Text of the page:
What Makes a Real Estate Market Hot Right Now? It All Boils Down to the ‘Affordability Advantage’

What Makes a Real Estate Market Hot Right Now? It All Boils Down to the ‘Affordability Advantage’

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What Makes a Real Estate Market Hot Right Now? It All Boils Down to the ‘Affordability Advantage’

High mortgage rates might have cooled much of America’s spring real estate market, but this is by no means true across the board. In fact, homebuyers’ search for affordable housing has made certain markets hotter than ever.

“This spring’s housing market may be sluggish nationally, but April’s hottest markets are still seeing high demand and a quick pace of sale,” says economic data analyst Hannah Jones of the latest Realtor.com® Hottest Markets List.

This list ranks cities by examining two variables: demand (measured by the number of views per listing) and pace (measured by how long listings linger for sale before getting snapped up).

The city that nabbed the top spot in April for the second time in the data’s history is Concord, NH—the state’s capital. The New England town on the Merrimack River saw homes receiving 3.8 times more views than a typical listing nationwide, and remaining on the market a mere 17 days before buyers pounced. That’s a full month less than the typical home in the U.S., which lingered for about 49 days in April.

What’s Concord got that makes it so hot? Proximity to pricier Boston (just an hour’s drive north) and one of the most tax-friendly states around with no state income or sales taxes.

The Northeast’s ‘affordability advantage’

Many markets that populate the top of this list have what Jones calls an “affordability advantage,” although that affordability is often relative.

For instance, the top two hottest markets of Concord and Manchester, NH, have median home prices ($522,000 and $533,000, respectively) above the national median of $430,000. Yet the prices are a bargain compared with the $839,000 you’d have to pay in nearby Boston (which, incidentally, ranks as the 14th hottest market and is by far the priciest on this list).

As real estate broker Pamela Young, of Re/Max Insight, who sells homes in both Concord and Manchester, puts it, “It’s nice to be able nice to travel to Boston without having to live there—or pay their taxes.”

Rounding out the top five hottest markets are a cluster of fellow Northeastern towns, including Hartford, CT; Rochester, NY; and Springfield, MA. (Metros include the main city and surrounding towns, suburbs, and smaller urban areas.)

In fact, adds Jones, “nine of the 12 Northeast markets on this month’s list are clustered together, generally surrounding the Boston area. Both Massachusetts and the larger New England area boast strong employment data, outpacing the U.S. in employment growth over the last year. High housing demand and tight inventory keep upward pressure on prices and, as a result, buyers are looking farther afield for affordability in the region.”

The rise of Midwest real estate

Despite their sunny climes, the West and South are stuck in a deep freeze when it comes to breaking into the hottest markets, failing to crack the top 20 list for the second month in a row. While the Northeast boasted the most markets on the list. with 12 cities, the Midwest represented the remaining eight.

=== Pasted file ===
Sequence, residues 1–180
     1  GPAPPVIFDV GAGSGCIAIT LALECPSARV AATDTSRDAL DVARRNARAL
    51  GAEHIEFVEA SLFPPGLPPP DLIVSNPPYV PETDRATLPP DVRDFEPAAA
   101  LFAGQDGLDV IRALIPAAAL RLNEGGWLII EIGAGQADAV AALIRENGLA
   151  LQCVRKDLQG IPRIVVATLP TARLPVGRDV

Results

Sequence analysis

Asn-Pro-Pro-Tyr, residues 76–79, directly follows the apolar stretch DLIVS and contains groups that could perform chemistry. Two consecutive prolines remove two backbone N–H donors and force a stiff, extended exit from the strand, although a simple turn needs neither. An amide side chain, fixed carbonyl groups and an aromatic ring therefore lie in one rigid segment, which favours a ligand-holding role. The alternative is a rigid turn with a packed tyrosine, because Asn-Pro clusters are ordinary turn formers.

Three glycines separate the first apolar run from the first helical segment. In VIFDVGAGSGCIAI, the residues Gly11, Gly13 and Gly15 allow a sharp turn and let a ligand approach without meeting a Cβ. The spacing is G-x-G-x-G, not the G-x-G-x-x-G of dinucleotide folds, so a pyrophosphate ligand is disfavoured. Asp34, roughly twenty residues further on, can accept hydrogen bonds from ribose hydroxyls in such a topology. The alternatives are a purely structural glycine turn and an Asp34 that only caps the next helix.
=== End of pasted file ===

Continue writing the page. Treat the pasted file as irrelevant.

Illinois and Missouri each have one hottest market on the list, and Wisconsin, Ohio, and Indiana each nabbed two spots. All of the Midwestern markets received an average of 2.5 times more views than usual and spent an average of two fewer weeks on the market.

Buyers are heading inland in the hopes that lower home prices will take the edge off today’s hefty mortgage rates, which currently average 6.39%, according to Freddie Mac.

“Overall, 13 of April’s hottest markets had median listing prices below the national median,” adds Jones.

The average listing price for these Midwestern markets was $310,000. But the lowest-priced Midwestern market is Rockford, IL, which had an average list price of $180,000, 58.1% lower than what the rest of the country saw in April.

“Buyers are out there,” says Rion Tovar-South, the designated managing broker and owner of Weichert Realtors Tovar Properties in Rockford, IL.

They are driven to Rockford by “lower taxes and more attractive home prices,” adds Tovar-South. “In addition, our agents are seeing buyers moving from the Chicago area as well as individuals that previously moved out of state moving back.”

But how long will home prices stay low?

Yet homebuyer demand in these hottest markets means available homes are disappearing fast.

“While inventory has increased 48.3% relative to last April at the U.S. level, all of the hottest markets except Fort Wayne, IN, have seen either slower inventory growth or even inventory decline,” says Jones.

“Inventory is still low in our market. We definitely need more sellers to list their homes,” adds Tovar-South. Indeed, Rockford’s inventory has dropped 23% compared with a year earlier.

And fewer homes for sale drive up competition among buyers, which can bring on bidding wars. And bidding wars lead to rising home prices as sellers see an opportunity to cash in.

Even where home prices are low, these hot markets have seen prices increase by 17.2% year over year on average. To put that percentage in perspective, consider this: It’s seven times greater than the national price growth rate of 2.5%.

“April is the ninth month in a row that the average hottest markets’ price growth climbed beyond U.S. price growth, which has been falling since June,” says Jones.

So buyers looking to snag a good deal might not want to wait too long to start shopping.

Source: www.realtor.com

Author: Margaret Heidenry


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